Influences for Preaching, Vision, and Growth

The theological and biblical underpinning for this project and visioning process is found in Acts chapter 2. Breaking down Acts 2 into three sections provides a similar outline that shapes my theology of the preaching, the vision, and the growth that would follow. The theology and practice of Acts 2 provided an important guide as I envisioned the structure and outcome of this project as influenced by the three main sections of Acts 2: Peter’s sermon (Acts 2:14-41) witnessing to the vision God was providing on the day of Pentecost (Acts 2:1-13) and the people’s response through the growth of community (Acts 2:42-47).

Peter was a witness to God’s word and work. It is the idea of proclaiming and witness that captures the essence of preaching. In his landmark preaching textbook, The Witness of Preaching, Tom Long explains, “The move from text to sermon is a move from beholding to attesting, from seeing to saying, from listening to telling, from perceiving to testifying, from being a witness to bearing witness.”[2] Long’s concept of bearing witness informs what I believe to be the role of preaching in the community. Like Peter and all the preachers that have followed, those who respond to God’s word are witnessing to the people about God’s vision for them. Ultimately, the strength of preaching is witnessing to a greater reality.

When asked about what was being done at the church in my first year, I would often say: we are discovering the vision that God has placed before us, a vision that has been present since the founding of the church. For the vision to ultimately take hold, it would need to come from and be accessible to the people, much like the power of the words on the day of Pentecost. Part of this accessibility is that the vision would be unique, particular to our congregation. As part of my thesis, the desire for a unique vision was inspired by what the early church experienced in the special revelation of the Holy Spirit’s vision on Pentecost. In a variety of formats, we would ask the questions: What direction is God leading us? What distinct vision has God given us? What makes our church unique? As God’s vision is revealed for us, we would choose a blueprint for how to tell the story of the vision for the congregation. While it may not be as dramatic as the Pentecost experience, we trusted that God would speak and the Holy Spirit would give language to our vision in a way we would each understand.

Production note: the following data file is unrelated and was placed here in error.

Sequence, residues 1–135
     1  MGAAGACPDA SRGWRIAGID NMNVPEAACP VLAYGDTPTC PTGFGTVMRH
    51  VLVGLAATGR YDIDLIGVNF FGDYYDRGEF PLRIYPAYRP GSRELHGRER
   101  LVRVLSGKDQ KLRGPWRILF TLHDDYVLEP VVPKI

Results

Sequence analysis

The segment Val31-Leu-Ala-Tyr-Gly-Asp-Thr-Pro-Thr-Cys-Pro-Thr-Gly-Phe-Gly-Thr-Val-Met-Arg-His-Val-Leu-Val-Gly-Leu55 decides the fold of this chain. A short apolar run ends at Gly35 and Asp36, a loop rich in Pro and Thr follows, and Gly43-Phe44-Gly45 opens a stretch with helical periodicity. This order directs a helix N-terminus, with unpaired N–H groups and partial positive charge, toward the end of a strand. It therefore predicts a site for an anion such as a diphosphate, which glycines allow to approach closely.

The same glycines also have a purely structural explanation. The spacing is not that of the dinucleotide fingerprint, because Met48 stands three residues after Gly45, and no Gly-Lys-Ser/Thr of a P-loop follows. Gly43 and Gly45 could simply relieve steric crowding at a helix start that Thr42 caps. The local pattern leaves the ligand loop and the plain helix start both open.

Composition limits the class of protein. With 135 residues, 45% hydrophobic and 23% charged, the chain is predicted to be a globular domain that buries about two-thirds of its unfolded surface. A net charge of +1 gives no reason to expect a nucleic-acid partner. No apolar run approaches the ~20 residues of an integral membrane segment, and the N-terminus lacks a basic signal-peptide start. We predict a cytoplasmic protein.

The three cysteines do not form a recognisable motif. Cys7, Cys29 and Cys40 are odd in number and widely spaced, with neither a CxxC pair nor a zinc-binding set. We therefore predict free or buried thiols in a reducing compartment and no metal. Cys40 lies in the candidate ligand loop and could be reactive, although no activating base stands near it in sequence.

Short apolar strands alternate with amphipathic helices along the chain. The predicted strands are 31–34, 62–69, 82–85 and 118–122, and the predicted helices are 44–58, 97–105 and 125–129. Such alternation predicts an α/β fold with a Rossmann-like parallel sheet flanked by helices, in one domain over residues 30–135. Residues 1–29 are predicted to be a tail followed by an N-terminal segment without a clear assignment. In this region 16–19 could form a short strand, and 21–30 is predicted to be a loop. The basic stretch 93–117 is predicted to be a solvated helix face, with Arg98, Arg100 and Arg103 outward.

Beyond Acts 2, the most significant influence on my theology of vision and the primary resource utilized for the visioning process was a book called Church Unique: How Missional Leaders Cast Vision, Capture Culture, and Create Movement, by Will Mancini, who calls himself a clarity evangelist. Mancini is a pastor turned church consultant and his company Auxano helps churches discover their unique identity through a visioning process. About uniqueness, Mancini says, “The starting point for vision—for thinking about our church’s future—is not deciding where we want to go or exploring what is working for other churches but understanding how we are unique.”[3] In contrast to the copycat method approach that many church conferences and consultants offer, the Church Unique approach includes discovering the distinct heartbeat within each congregation and making that the focus of the vision. In the vision work of years prior, there was also no blueprint or method by which a vision would be articulated, nor was much thought put into it being unique to the DNA of the church itself.

The Visioning Process

We also organized a series of fellowship gatherings called Community Dinners. People throughout the church were invited to dinners where they could meet the pastor and share a sense of community together. We held 10 dinners in total, ranging from 8-20 people each time. These informal settings were ideal situations to begin vision conversations. Once the community dinners concluded, plans were made for a congregational survey. The survey was comprised of 34 questions, designed to assess the current ministries and probe the identity of the church for use in the visioning process. After the survey, vision retreats were held for both the staff and elders. From each retreat, there were input lists from each group that would help inform the first formal step of the visioning process.